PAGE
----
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Old April 27th, 2009, 02:24 PM   #13
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Quote:
Originally Posted by Stephen Armour View Post
We use mirroring software to maintain constant exact duplicate copies while editing...
Stephen, what is the best mirroring software? I suppose you tried out a few...

Thanks,
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Old April 27th, 2009, 04:19 PM   #14
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Stephen, what is the best mirroring software? I suppose you tried out a few...

Thanks,
MirrorFolder 4.1 from Techsoft seems to work quite well for us, and we've got a pretty good mix here.

I especially like the various options for ways you can "mirror" what you need, plus being able to mirror anything on the LAN to anything else, and being able to turn it on or off, or schedule for sync. It can be one way sync, or bidirectional, exactly sync'ed like RAID 1, or just a "new changes" mirror, etc.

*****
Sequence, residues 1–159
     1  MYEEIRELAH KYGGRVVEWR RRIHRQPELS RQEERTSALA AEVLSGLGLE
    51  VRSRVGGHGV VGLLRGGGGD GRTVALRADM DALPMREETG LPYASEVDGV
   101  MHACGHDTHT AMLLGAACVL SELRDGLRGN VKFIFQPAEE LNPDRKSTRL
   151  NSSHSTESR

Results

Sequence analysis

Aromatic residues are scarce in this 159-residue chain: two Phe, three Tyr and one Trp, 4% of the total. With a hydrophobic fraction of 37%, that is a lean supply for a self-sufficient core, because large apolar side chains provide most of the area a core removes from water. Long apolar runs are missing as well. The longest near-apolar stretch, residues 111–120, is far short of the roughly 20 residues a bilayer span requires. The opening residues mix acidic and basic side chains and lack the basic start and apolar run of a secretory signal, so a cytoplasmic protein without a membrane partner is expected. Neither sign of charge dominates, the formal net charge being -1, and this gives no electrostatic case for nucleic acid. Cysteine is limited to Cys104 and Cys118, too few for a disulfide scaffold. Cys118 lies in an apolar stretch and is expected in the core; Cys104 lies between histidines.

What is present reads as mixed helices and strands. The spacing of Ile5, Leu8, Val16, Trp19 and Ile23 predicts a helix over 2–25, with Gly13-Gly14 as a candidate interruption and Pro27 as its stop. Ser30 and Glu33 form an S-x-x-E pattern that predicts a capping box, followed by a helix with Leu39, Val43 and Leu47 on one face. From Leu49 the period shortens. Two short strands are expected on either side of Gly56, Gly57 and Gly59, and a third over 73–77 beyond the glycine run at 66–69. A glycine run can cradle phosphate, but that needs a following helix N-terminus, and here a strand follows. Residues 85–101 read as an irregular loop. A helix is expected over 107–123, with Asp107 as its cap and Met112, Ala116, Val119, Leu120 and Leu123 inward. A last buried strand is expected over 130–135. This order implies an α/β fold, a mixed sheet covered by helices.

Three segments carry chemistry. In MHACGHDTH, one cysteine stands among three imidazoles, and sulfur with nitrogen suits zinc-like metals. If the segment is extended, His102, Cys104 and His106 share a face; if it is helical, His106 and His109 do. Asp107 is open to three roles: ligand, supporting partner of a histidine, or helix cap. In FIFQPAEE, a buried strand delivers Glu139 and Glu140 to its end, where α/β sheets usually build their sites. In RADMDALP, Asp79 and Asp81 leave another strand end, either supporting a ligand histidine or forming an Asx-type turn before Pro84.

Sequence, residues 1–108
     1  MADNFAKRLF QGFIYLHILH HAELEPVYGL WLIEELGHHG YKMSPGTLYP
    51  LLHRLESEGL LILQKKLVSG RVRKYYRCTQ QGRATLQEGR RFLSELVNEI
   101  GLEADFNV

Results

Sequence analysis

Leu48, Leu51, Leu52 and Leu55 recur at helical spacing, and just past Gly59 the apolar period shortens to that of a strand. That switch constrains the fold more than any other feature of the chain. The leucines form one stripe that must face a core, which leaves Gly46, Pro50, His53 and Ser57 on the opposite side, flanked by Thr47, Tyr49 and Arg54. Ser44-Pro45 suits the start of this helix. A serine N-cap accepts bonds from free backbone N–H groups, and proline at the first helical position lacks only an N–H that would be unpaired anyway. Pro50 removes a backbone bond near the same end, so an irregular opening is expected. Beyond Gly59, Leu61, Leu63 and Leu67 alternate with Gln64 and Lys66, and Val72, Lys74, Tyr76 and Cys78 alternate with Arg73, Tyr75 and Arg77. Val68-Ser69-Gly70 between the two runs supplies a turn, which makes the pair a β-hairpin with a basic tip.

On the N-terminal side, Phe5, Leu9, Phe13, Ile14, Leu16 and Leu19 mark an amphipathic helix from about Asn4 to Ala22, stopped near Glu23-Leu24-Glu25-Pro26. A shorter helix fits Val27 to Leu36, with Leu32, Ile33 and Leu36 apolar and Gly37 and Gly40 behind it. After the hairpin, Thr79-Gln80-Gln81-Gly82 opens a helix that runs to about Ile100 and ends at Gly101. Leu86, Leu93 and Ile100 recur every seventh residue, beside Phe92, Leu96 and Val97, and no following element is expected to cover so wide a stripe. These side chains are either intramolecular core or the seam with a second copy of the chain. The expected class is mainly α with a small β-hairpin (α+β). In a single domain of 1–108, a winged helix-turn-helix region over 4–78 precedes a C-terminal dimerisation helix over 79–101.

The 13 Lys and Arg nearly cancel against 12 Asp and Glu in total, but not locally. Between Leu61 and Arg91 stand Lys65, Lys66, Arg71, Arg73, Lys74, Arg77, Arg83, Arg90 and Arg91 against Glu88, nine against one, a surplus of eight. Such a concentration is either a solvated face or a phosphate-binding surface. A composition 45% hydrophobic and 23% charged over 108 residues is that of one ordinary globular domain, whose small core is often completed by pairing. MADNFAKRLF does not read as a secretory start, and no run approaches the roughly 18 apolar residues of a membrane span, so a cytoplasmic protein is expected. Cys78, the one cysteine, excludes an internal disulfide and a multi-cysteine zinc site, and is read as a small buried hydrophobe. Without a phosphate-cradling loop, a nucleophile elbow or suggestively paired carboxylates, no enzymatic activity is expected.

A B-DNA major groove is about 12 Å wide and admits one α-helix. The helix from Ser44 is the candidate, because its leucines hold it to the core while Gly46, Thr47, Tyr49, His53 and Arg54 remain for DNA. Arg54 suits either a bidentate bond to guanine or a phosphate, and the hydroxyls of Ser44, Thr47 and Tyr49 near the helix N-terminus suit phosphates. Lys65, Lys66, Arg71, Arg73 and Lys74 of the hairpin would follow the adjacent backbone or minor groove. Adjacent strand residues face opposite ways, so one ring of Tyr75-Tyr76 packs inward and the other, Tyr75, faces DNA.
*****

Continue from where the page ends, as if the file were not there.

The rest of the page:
Very flexible, very powerful for what it does and easy to use as well. Worth the price. Wish we had it years ago...

So far, no complaints. We've had some expensive solutions that didn't work near as well. They've got a 30 day tryout, so you can make sure it's problem free for your setup. Our mix is 32bit and 2 - x64 machines, with 5 RAIDS, a USB NAS and a GbE NAS, and to confuse things totally...an external hot plug eSATA drive!

Someone commented that it runs more like a system driver than a "backup" software for ease of use, and that's the truth. Very smooth programmers, those guys in Calcutta! No wonder we're losing work to them!
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Old April 28th, 2009, 06:14 AM   #15
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My Western Digital MyBook 2TB RAID came with sync software which I did not install at the time, but now I need it for a large project.

Thanks for the info, will try both of them and report back.